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Munich: PW Service of the Collegial Society of Hungarian Veterans, 1951. Edition Hungaria. Wraps. 56 pages, illustrations. and fold-out map at back cover entitled "Deportational Communities in Hungary". Includes a List of Present Locations of Deportees. Signed ink inscription at top of title page. Cover has some wear and soiling. This focuses on the effect of communism had on Hungary at the end of the Second World War and during the early years of the Cold War.
New York, NY: Miramax Books, 2003. Second printing [stated]. Hardcover. Glued binding. Paper over boards. xiv, 562 pages. Illustrations. Selected Chronology. Official International Travel. Index. Inscribed on half-title page by the author to Rita. Previous owner's address label is on the fep. DJ has slight wear and soiling. Madam Secretary: A Memoir is the autobiography of United States Secretary of State Madeleine Albright, published in 2003. It covers both her life and the eight years she spent in the Clinton administration, first as United States Ambassador to the United Nations and then as head of the State Department. The book's title reflects the term of address for a female governmental secretary. A national bestseller on its publication in 2003, Madam Secretary is a riveting account of the life of America's first woman Secretary of State, Madeleine Albright. For eight years, during Bill Clinton's two presidential terms, Albright was a high-level participant in some of the most dramatic events of our time—from the pursuit of peace in the Middle East to NATO's intervention in the Balkans to America's troubled relations with Iran and Iraq. In this thoughtful memoir, one of the most admired women in U.S. history reflects on her remarkable personal story, including her upbringing in war-torn Europe and the balancing of career and family responsibilities, and on America's leading role in a changing world.
New York: Little, Brown and Company, 1994. Reprint. later printing. Trade paperback. xv, 109.  p. Illustrations [some in color]. Chronology. Suggestions for Further Reading. Glossary. Index. Name of previous owner present. Cover has some wear and soiling, some corner curling. A photo-history of the Holocaust. Sidebars throughout the text focus on the experiences of 20 individuals who, as children, were victims of the Nazis. Illustrated with black and white and color images from the collection of the United States Holocaust Memorial Museum.
Philadelphia, Pennsylvania: The Jewish Publication Society of America, 1974. First Edition [stated], presumed first printing. Hardcover. xi, , 350,  pages. DJ has several small tears and chips. Includes Preface, Introduction: The First Fifteen Years, six chapters. Conclusion, Notes, Bibliography, and Index. Also includes an Appendix on the Income and Expenditure of JDC: 1914-1939, as well as 20 black and white tables in the text. A card from the American Jewish Joint Distribution Committee, with the compliments of Chairman Edward Ginsburg of the Committee, is laid in at the front of the book. This book deals with the efforts of American Jews--through their overseas aid organization, the American Jewish Joint Distribution Committee--to come to the aid of European Jewry in the crucial prewar decade, 1929-1939. Yehuda Bauer (born April 6, 1926) is an Israeli historian and scholar of the Holocaust. He is a professor of Holocaust Studies at the Avraham Harman Institute of Contemporary Jewry at the Hebrew University of Jerusalem. His family migrated to Palestine by managing to get past Nazi officials on a train which slipped them over the border into Poland, from which they moved, via Romania, to Palestine. He joined the Palmach and fought in the 1948 Arab-Israeli War. He was the founding editor of the journal Holocaust and Genocide Studies, and served on the editorial board of the Encyclopaedia of the Holocaust, published by Yad Vashem in 1990. During the years, 1933–1939, in which America was in the Great Depression, the Jewish Distribution Committee was able to aid over 190,000 Jews in their escape from a Nazi-occupied Germany. Of the 190,000 Jews, 80,000 were able to escape Europe completely.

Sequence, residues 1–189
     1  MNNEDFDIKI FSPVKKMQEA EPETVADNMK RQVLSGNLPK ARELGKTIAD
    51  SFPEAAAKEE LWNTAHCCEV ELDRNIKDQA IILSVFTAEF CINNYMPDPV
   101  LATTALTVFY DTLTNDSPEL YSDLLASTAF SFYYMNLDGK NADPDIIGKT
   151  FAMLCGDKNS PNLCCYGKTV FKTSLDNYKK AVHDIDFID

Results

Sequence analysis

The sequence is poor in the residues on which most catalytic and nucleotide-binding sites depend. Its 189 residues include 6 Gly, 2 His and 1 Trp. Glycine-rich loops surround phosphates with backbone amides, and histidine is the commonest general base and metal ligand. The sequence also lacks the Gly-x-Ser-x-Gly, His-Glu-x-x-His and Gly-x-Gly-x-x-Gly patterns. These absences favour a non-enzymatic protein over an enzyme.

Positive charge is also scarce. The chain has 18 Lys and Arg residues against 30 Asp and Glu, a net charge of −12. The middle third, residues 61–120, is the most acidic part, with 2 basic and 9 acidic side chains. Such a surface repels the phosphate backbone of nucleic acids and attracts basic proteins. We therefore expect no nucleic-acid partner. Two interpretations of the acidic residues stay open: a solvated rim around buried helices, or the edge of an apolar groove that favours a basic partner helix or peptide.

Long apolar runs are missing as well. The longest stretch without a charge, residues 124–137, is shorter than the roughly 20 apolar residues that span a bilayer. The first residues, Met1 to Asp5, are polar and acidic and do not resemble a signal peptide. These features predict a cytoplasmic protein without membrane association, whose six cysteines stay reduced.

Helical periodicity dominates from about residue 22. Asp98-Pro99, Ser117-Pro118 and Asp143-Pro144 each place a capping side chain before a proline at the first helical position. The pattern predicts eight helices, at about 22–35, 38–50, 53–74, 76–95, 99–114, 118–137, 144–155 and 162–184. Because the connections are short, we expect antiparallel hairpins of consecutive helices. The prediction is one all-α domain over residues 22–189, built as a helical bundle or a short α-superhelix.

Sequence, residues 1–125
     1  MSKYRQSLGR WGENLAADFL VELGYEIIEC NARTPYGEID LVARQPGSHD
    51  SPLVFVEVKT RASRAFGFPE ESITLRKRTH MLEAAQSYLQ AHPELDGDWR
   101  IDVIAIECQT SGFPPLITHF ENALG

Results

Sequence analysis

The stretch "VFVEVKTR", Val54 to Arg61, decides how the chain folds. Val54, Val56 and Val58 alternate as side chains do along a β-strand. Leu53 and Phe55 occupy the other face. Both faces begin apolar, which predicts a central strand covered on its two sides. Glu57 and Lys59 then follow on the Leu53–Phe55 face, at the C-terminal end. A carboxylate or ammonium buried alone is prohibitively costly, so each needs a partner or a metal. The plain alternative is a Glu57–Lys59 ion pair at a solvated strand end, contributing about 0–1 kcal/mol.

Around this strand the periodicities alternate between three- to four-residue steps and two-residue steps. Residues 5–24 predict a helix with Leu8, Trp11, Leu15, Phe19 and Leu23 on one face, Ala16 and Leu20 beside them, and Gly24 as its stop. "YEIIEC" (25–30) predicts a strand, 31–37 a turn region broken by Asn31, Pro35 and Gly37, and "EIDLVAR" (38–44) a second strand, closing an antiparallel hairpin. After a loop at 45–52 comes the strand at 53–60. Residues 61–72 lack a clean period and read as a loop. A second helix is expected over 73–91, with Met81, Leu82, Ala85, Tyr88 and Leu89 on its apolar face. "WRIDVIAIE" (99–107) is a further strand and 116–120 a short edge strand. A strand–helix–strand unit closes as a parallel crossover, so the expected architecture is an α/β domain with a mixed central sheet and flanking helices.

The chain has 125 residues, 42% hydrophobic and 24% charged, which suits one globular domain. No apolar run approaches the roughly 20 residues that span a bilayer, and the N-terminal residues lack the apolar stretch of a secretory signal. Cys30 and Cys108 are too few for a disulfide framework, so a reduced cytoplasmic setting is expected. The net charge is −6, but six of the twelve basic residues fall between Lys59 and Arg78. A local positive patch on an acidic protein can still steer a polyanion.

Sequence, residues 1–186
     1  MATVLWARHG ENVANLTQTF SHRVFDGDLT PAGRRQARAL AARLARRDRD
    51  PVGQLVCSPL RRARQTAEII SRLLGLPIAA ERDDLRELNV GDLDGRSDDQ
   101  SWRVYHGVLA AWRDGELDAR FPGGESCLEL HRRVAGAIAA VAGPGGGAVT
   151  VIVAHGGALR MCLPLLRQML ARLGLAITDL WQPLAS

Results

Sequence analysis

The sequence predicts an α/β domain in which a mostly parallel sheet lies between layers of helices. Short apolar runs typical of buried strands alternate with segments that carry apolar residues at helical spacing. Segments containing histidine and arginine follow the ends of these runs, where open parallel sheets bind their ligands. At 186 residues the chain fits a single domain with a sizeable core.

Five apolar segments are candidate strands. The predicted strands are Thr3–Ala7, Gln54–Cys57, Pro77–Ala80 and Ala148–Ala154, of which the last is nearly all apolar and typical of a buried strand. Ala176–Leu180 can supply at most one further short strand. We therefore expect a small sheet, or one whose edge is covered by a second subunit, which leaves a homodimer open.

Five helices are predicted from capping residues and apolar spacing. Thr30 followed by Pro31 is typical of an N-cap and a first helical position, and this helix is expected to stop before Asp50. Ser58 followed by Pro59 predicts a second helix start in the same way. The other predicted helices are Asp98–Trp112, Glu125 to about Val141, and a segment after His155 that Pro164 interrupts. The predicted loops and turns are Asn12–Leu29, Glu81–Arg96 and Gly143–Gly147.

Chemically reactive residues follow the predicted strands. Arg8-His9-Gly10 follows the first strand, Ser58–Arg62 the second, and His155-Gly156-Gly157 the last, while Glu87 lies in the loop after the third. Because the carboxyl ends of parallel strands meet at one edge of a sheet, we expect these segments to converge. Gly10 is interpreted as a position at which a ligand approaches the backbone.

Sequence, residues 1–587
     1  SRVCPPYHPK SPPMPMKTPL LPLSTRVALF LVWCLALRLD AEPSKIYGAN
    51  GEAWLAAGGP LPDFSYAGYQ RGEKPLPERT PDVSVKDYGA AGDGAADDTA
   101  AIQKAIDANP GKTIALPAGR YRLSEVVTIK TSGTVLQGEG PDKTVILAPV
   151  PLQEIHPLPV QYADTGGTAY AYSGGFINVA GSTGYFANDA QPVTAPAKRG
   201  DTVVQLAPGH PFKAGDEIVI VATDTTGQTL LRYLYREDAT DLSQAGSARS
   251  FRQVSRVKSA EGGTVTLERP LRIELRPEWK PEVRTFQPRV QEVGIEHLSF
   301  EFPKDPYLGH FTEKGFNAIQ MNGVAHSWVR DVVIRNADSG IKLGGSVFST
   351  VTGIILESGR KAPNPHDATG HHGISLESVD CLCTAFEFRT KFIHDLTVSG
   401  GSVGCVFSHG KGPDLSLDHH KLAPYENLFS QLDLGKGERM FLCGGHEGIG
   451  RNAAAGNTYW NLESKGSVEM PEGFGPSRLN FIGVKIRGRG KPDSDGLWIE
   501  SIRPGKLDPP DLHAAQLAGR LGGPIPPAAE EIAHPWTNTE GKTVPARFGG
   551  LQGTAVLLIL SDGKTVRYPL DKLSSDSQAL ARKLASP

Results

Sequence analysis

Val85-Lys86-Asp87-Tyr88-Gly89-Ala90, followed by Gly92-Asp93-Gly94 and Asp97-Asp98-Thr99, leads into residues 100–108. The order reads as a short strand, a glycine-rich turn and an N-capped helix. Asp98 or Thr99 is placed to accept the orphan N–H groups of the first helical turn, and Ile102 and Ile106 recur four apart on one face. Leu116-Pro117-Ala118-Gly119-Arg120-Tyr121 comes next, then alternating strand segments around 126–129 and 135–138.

New York, N.Y. Franklin Watts, 1982. Later printing. Trade paperback. 398 pages. Some ink underlining and marks noted. Includes List of Maps and Charts; List of Tables; and Preface. Also includes chapters on Who Are the Jews?; Liberalism, Emancipation, and Antisemitism; World War I and Its Aftermath; The Weimar Republic; The Evolution of Nazi Jewish Policy, 1933-1938; German Jewry in the Prewar Era, 1933-1938; Poland--The Siege Begins; Life in the Ghettoes; The "Final Solution"; West European Jewry, 1940-1944; Resistance; Rescue; The Last Years of the Holocaust, 1943-1945; Aftermath and Revival; Appendix: Himmler's "Reflections on the Treatment of Peoples of Alien Races in the East". Includes 18 black and white maps and charts, and 14 black and white tables. Also includes Notes, Bibliography, and Index. Yehuda Bauer (born April 6, 1926) is an Israeli historian and scholar of the Holocaust. He is a professor of Holocaust Studies at the Hebrew University of Jerusalem. Bauer at sixteen, inspired by his history teacher, Rachel Krulik, he decided to dedicate himself to studying history. Upon completing high school, he joined the Palmach. He attended Cardiff University in Wales on a British scholarship, interrupting his studies to fight in the 1948 Arab-Israeli War, after which he completed his degree. Bauer returned to Israel and began his graduate work in history at the Hebrew University. He received his doctorate in 1960 for a thesis on the British Mandate of Palestine. The following year, he began teaching at the Institute for Contemporary Jewry at the Hebrew University. He was the founding editor of the journal Holocaust and Genocide Studies.